One day, around 1831 I would say, the kids of the village decided to visit Mr. Black, no different than what had happened in every town before, and play a game with him. I cannot exactly describe what happened during the short time the kids were inside Mr. Black’s home, but I do know that Mr. Black had the best of intentions when the kids came to his door. He was simply overtaken by his guilty conscience, I would guess. See, the only age group that Mr. Black truly liked was kids. He had always thought that the kids could improve the future. And that I do know for a fact. But whatever happened in that small, black cottage surely did not help the future for those kids, and whatever game was intended to be played was not played at all. Luckily all but one of those children made it out with only scars, both physical and emotional. One kid suffered a sprained leg or an arm….I can’t really remember which. But that’s not important. What’s important is that Mr. Black recognized that after this fateful day, his time in the town was running short. He knew that soon the townspeople would somehow call for his leaving, just like every other time. Mr. Black contemplated getting his things and moving right then, but he decided to wait and see what the townspeople prepared…

So now it is late 1832, just a few days before November if I can recall correctly. After months of planning the townspeople have decided to take Mr. Black’s house by force, as they no longer want him living in their quaint little town anymore. Of course, Mr. Black has been prepared for this day for months. But the mob outside his window did not know of his past. And they did not know of how this very same situation had been played out numerous occasions, in numerous other quaint towns in England before theirs.

“Burn him down! Burn him down! Burn him down!” were the cheers of the crowd. The crowd approached Mr. Black’s home, yelling “Burn him down!” And after they realized that Mr. Black was not going to show his face, they decided to do just that. With men standing, torches in hand, at all four corners, they lit his house ablaze. Yet through the windows they could see Mr. Black still would not move out of his chair. The mob backed off and watched as his house began to burn from the top down. The mob watched joyously, as the one they had come to despise had decided to go down with his house. Everyone of the town knew that this made their job even easier. They also knew that they should feel sorry, and some of them did. But all of them felt some sort of glee, because they had conquered the frightening man with the house on the hill. Of course they had conquered him; the fire was almost touching him by this point…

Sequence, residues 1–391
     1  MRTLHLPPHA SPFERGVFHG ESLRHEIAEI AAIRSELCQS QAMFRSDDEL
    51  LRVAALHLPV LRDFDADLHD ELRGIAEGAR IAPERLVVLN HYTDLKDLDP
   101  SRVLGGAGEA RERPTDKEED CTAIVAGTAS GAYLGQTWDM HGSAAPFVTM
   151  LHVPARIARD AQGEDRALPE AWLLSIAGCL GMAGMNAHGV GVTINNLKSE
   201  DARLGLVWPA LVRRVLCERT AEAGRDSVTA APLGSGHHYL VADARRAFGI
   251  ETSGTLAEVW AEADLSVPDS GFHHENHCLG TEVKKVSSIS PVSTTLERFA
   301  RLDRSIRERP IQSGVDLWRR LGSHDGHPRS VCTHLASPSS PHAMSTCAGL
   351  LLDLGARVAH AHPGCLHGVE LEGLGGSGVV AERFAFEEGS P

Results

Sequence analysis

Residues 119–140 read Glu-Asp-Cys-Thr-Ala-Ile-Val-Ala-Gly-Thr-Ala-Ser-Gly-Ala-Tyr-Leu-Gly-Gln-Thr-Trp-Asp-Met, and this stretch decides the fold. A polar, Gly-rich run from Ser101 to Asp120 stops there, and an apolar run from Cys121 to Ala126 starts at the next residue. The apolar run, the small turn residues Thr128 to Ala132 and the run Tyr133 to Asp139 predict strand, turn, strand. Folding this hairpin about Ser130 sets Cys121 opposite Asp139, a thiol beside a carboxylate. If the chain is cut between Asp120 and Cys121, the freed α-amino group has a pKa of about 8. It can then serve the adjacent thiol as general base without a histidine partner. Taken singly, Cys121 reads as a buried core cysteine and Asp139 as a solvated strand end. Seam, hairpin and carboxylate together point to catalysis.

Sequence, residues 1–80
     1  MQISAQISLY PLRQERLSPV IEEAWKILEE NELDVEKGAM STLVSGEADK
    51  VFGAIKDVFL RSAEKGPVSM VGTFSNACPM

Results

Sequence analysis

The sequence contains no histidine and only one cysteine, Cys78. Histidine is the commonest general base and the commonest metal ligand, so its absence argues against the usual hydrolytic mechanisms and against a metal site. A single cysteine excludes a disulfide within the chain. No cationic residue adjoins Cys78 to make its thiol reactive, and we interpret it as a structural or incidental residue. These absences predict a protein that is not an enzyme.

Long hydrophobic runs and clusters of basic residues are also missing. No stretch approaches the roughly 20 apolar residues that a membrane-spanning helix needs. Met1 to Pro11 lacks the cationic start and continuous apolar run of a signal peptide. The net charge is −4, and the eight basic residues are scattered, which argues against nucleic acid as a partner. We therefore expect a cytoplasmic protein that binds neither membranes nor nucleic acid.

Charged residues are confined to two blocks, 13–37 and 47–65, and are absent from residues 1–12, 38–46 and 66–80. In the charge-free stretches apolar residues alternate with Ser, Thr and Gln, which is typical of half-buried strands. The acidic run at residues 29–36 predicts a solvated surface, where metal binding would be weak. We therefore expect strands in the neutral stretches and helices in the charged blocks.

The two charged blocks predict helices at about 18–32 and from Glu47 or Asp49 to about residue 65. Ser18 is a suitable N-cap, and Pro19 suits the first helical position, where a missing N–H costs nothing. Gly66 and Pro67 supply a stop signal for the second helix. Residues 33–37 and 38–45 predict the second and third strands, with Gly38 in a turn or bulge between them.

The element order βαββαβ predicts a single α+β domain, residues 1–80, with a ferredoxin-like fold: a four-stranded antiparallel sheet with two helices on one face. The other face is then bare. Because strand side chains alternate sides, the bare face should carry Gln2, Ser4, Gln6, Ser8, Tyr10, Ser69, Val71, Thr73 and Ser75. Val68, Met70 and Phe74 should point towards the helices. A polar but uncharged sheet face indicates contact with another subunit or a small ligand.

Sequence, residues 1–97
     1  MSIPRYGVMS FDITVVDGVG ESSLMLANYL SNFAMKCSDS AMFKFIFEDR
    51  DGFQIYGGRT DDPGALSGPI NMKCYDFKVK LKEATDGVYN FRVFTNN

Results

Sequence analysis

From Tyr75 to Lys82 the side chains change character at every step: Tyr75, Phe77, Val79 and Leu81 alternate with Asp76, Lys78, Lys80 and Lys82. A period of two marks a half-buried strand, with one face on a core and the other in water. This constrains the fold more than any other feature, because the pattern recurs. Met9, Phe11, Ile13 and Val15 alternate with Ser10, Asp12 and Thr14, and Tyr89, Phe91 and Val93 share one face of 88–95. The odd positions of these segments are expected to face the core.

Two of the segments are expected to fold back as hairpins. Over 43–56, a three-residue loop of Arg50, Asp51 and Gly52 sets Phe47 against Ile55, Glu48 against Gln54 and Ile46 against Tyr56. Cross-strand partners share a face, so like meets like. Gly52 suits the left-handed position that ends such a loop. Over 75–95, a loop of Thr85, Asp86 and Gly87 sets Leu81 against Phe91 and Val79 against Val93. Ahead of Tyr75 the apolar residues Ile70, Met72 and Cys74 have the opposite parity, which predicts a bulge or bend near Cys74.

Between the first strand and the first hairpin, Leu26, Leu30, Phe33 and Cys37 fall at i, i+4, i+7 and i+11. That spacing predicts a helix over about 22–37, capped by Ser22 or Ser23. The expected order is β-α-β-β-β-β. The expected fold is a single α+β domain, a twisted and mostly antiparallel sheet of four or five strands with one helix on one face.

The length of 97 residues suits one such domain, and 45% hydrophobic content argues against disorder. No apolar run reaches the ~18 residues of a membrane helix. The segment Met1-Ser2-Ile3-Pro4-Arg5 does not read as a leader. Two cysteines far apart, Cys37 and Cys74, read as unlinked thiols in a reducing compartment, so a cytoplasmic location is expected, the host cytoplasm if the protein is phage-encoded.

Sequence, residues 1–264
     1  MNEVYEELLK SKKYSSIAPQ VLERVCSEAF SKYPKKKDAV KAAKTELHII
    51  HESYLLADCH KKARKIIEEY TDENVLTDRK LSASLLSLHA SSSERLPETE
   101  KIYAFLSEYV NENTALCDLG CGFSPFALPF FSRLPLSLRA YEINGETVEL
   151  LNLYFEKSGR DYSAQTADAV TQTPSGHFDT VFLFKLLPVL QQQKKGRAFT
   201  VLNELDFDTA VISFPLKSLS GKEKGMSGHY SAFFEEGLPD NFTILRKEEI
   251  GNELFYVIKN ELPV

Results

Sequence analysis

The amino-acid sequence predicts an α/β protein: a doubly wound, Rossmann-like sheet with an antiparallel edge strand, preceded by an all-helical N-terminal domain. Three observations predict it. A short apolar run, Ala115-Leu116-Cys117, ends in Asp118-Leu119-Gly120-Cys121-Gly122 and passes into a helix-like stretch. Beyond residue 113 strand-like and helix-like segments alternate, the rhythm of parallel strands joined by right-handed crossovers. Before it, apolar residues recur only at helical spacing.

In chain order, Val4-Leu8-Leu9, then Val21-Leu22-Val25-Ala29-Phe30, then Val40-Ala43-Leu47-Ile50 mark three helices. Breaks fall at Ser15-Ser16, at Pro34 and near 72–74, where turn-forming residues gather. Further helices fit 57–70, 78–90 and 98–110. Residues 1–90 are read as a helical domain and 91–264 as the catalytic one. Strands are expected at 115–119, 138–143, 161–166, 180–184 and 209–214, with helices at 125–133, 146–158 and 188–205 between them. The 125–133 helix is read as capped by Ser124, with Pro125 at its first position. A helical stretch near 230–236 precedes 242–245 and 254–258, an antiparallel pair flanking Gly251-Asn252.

As Mrs. Parkinson and her daughter, Jane, rode into town, a strange feeling overcame them. “Something doesn’t seem right.” Mrs. Parkinson told her daughter. There was no one around. “It’s close to dinnertime I know…but I’ll be darned if I even feel a soul moving in this town.” She noted the emptiness in spirit that filled both her and the town. Mrs. Parkinson came to the house belonging to her sister. “Lucy, I have a letter for you from the nice Reverend Johnson…” There was no reply from inside the house. “Jane dear, go knock on some of the doors near here, see if anyone replies.” Jane ran off and knocked on the first door she saw, the neighbor of Lucy. She waited patiently but eventually moved on to the next house. She repeated this process six times before her mother called her back. “Jane dear, I think we should get of here, now. There is something going on here, and I do not want to be a part of it. I do not want to know what happened here. Let God shield me from what events occurred on this soil!” Mrs. Parkinson grabbed her daughter and quickly rode back to her home three towns from there.


The story of Mr. Black, like I think I said, is based off newspaper articles, town records and your own interpretation. What happens after this, well you can decide for yourself…but this newspaper clipping might help a little, if you interpret it the same way I did…


A man’s body was found in the forest on Tuesday, apparently shot in the arm. The man who shot him has come forward and confessed his actions. “I was out hunting fox with my dog, and we didn’t even see this man walking through the forest, and I guess I aimed at a fox but the bullet must have deflected and hit him. It was purely an accident and I feel sorry for the man and his family, I hope to send some condolences to the family when his identity is figured out”. The police are questioning the local residents, but the questions are inconclusive as of yet. The man was wearing all black clothing, including a long, black overcoat, according to the hunter, who asked to remain anonymous. There will be a funeral for the man, once his identity is determined. The police have invited everybody to help solve the mystery of the man’s identity. Jim Davis, September 9th, 1834.

The author's comments:
If you read through the creepy aspect of it,its really a story about diversity and not fitting in. We don't know if Mr. Black actually did anything.That's your call.